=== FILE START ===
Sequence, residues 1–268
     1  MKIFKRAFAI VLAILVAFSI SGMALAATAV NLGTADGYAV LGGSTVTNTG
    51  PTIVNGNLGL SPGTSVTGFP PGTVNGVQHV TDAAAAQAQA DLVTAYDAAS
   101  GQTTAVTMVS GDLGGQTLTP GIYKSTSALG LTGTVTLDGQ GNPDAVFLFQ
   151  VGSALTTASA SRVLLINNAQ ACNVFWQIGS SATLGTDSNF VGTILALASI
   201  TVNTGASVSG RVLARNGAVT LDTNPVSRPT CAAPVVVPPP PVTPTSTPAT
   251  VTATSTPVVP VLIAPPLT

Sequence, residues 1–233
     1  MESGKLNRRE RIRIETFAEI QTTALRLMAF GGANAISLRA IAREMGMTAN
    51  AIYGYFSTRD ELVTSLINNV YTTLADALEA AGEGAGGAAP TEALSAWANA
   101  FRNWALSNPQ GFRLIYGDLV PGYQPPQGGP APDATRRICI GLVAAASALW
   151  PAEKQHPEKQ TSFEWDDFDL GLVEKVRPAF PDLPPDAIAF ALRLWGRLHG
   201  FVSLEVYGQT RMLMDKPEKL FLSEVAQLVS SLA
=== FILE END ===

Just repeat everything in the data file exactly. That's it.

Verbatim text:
Sequence, residues 1–268
     1  MKIFKRAFAI VLAILVAFSI SGMALAATAV NLGTADGYAV LGGSTVTNTG
    51  PTIVNGNLGL SPGTSVTGFP PGTVNGVQHV TDAAAAQAQA DLVTAYDAAS
   101  GQTTAVTMVS GDLGGQTLTP GIYKSTSALG LTGTVTLDGQ GNPDAVFLFQ
   151  VGSALTTASA SRVLLINNAQ ACNVFWQIGS SATLGTDSNF VGTILALASI
   201  TVNTGASVSG RVLARNGAVT LDTNPVSRPT CAAPVVVPPP PVTPTSTPAT
   251  VTATSTPVVP VLIAPPLT

Sequence, residues 1–233
     1  MESGKLNRRE RIRIETFAEI QTTALRLMAF GGANAISLRA IAREMGMTAN
    51  AIYGYFSTRD ELVTSLINNV YTTLADALEA AGEGAGGAAP TEALSAWANA
   101  FRNWALSNPQ GFRLIYGDLV PGYQPPQGGP APDATRRICI GLVAAASALW
   151  PAEKQHPEKQ TSFEWDDFDL GLVEKVRPAF PDLPPDAIAF ALRLWGRLHG
   201  FVSLEVYGQT RMLMDKPEKL FLSEVAQLVS SLA